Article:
We provided lower-level Mill House rooms with new floors, window blinds, a dropped ceiling, fresh paint, and energy-efficient lighting. We also addressed air leakage problems and sealed off around the old mill wheel so that outside air and moisture will be kept out of the basement and crawl spaces.

We remodeled the Little House, installing new cabinets and a wood floor for the living room, plus fresh paint for the lower level bedrooms and living room. Little House was built in 1981 by the Homesteading students. The lighting was upgraded here also.


Bidstrup, built in 1989

In Bidstrup House, we replaced the old vinyl tile floor in the hallway with ceramic tile. We brightened up the dormitory rooms with new paint and light fixtures.

All these add up to a nicer experience for our students and instructors who stay on campus and enjoy the history and warmth of the older houses and the peace and quiet of staying on the Brasstown campus. All three houses were redecorated with a mixture of vintage and new furniture as well as beautiful framed art pieces and photographs taken at the Folk School by staff, students and instructors.

Thanks go to Carl Patterson Carpets, Browning Precision Paint, and the Folk School staff members who put in concentrated hours in order to get everything done speedily. Thanks also go to Business Manager Marianne Hatchett and Resident Artist Nanette Davidson who helped pick the flooring and the wall colors respectively.


07_26_10_dulcimer_6800Come celebrate the joy and beauty of both the hammered and lap dulcimer in a small, intimate, non-competitive setting. Unlike any other dulcimer camp, Dulcimer Celebration, now in its 15th year, is a unique week designed for both hammered and mountain dulcimers to provide the opportunity to improve technique, expand repertoire and have fun with harmony and chords. With four instructors, two skill levels are offered for both instruments – novice/intermediate or intermediate/advanced. Morning class time is spent in a concentrated session building skills and repertoire with at least two different instructors through the week. A flexible week, participants can choose to stay with one instrument, or do a couple mornings of hammered and a couple mornings of mountain if they wish.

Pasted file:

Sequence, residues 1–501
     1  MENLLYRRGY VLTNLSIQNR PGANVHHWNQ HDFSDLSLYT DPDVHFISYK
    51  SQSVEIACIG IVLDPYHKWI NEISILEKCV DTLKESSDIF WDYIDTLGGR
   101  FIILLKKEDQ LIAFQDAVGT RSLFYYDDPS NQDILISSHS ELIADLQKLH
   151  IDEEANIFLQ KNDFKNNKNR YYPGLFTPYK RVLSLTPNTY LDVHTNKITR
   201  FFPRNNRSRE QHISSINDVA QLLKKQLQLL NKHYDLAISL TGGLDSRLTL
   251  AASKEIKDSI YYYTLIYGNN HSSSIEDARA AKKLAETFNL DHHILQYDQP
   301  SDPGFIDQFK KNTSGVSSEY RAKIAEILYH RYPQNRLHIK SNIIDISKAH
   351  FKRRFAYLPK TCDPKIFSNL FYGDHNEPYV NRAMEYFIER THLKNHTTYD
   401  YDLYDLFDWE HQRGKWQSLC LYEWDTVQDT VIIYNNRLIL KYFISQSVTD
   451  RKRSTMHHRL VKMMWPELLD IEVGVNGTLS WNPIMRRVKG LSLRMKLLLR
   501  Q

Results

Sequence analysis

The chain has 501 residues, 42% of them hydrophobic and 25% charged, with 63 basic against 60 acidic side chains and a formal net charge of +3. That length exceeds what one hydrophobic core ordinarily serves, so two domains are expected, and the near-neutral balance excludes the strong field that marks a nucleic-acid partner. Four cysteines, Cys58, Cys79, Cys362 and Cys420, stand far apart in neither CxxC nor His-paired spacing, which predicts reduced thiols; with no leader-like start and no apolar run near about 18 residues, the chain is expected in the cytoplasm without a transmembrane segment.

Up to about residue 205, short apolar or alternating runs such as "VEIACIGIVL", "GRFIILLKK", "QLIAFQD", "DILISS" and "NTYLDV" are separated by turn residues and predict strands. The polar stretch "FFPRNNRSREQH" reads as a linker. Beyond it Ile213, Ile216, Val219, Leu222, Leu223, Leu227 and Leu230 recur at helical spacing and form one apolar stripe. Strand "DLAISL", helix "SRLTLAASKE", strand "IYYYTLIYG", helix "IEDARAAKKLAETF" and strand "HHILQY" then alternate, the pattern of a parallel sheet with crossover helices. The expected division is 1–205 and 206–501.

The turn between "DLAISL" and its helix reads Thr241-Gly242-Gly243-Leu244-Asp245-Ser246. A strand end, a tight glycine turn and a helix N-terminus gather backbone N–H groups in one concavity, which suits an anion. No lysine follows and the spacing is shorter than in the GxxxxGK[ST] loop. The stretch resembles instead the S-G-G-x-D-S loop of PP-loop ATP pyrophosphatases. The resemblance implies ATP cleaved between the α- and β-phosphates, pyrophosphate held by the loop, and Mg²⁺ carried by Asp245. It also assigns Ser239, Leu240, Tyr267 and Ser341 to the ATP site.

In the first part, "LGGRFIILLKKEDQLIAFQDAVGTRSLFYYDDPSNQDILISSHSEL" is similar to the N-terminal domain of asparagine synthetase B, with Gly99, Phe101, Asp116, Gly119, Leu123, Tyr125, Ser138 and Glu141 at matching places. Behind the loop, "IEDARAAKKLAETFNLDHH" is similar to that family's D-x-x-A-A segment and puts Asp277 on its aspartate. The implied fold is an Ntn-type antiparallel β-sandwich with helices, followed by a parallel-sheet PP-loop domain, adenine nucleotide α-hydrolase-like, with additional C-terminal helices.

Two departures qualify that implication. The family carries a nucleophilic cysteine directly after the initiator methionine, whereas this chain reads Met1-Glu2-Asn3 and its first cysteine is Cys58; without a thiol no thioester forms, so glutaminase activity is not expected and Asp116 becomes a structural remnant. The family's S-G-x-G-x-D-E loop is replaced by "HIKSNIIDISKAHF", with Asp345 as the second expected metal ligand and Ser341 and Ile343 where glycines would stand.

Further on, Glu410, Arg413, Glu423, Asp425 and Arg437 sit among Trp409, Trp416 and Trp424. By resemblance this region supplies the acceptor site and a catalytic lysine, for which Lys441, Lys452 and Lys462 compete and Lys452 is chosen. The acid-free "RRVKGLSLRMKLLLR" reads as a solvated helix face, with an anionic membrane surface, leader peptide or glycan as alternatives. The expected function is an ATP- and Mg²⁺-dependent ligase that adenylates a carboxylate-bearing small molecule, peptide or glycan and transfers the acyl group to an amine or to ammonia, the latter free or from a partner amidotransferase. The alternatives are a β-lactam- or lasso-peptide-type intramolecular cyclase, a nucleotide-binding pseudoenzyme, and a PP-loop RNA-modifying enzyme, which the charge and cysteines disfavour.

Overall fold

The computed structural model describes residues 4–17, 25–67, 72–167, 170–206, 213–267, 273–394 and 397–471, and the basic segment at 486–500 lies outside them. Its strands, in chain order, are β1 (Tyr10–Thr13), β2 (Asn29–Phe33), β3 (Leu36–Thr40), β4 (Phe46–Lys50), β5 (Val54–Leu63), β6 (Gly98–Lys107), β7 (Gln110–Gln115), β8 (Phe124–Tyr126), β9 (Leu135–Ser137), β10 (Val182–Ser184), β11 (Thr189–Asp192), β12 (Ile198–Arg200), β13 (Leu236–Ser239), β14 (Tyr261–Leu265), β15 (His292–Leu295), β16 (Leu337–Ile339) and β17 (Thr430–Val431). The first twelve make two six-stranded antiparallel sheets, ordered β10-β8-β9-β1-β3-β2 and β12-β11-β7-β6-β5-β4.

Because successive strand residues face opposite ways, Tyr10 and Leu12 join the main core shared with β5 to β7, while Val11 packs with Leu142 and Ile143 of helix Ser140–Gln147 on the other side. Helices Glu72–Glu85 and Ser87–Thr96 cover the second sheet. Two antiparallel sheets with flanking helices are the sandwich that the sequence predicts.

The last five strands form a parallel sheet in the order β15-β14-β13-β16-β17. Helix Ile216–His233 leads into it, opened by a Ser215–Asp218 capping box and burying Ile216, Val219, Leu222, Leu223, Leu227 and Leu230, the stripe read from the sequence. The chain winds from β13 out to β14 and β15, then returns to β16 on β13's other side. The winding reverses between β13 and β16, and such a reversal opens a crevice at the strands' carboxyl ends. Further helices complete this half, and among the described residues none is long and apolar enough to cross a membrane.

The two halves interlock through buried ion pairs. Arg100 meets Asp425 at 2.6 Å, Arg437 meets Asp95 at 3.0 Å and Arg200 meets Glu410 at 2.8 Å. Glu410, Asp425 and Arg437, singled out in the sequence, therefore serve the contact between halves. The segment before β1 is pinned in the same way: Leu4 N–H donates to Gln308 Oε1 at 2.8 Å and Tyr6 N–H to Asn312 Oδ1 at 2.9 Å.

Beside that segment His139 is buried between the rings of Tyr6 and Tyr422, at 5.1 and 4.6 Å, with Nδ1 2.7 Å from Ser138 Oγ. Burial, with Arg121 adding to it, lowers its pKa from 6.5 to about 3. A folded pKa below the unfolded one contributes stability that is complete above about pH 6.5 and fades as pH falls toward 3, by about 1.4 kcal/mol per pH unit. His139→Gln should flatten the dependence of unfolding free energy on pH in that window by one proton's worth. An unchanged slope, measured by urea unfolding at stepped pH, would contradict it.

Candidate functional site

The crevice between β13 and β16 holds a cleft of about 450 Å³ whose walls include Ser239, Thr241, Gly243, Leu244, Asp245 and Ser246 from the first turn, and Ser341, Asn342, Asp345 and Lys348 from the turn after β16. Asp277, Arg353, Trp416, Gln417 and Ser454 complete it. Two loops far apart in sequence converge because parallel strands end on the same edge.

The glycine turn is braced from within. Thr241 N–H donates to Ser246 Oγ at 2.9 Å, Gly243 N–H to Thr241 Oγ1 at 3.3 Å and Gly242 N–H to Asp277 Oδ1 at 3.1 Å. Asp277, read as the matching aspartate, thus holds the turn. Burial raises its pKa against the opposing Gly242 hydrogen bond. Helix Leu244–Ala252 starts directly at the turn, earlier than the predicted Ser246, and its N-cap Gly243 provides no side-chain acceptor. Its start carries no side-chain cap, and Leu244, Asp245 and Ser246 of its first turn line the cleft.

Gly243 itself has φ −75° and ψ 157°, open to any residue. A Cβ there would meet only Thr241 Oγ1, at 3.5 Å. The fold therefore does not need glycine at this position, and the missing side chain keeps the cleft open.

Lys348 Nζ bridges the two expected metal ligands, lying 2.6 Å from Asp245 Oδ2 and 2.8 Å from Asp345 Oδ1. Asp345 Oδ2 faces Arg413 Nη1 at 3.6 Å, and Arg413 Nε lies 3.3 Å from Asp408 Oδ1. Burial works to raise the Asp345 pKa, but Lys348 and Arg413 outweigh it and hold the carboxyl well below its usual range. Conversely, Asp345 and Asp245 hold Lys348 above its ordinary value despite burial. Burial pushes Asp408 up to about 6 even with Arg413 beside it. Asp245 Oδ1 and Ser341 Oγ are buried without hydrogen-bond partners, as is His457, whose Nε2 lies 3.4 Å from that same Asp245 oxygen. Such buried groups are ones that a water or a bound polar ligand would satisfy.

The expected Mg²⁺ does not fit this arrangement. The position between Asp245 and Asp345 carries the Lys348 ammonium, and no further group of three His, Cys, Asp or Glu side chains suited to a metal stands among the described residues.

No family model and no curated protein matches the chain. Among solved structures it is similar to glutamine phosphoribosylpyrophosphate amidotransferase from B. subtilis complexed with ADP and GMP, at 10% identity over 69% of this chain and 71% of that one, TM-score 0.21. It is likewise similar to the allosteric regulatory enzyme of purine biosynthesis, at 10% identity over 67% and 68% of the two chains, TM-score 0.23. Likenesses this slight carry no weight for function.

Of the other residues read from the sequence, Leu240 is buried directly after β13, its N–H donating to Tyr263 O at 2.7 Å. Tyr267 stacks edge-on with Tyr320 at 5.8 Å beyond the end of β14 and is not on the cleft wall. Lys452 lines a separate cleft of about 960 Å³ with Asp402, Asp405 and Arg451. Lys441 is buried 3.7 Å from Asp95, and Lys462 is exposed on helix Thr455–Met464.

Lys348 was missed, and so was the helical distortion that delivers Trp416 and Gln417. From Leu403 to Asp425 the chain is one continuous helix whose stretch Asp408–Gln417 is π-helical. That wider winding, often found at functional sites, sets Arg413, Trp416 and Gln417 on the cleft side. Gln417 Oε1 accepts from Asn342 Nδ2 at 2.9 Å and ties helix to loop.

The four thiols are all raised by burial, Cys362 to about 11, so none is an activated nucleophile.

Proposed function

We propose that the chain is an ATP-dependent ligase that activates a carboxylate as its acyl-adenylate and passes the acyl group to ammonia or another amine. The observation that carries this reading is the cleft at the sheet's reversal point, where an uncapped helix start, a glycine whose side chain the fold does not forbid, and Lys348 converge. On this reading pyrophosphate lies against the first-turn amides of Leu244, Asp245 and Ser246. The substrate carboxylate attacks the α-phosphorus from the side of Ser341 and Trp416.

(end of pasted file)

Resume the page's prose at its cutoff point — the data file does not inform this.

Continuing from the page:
The highliLough_Anne_BIO_3512ght for many participants is the afternoon session, bringing all together for ensemble playing. With everything from dulcimers, guitars, flutes, fiddles, bowed psalteries, harmonicas (the list goes on) it is opportunity to put into practice some of the skills from the morning session, learning some new tunes introduced by a different instructor each day. Top that off with optional jam sessions, craft studio demonstrations, folk dancing, singing, new friendships and you have an experience that you will want to come back to year after year!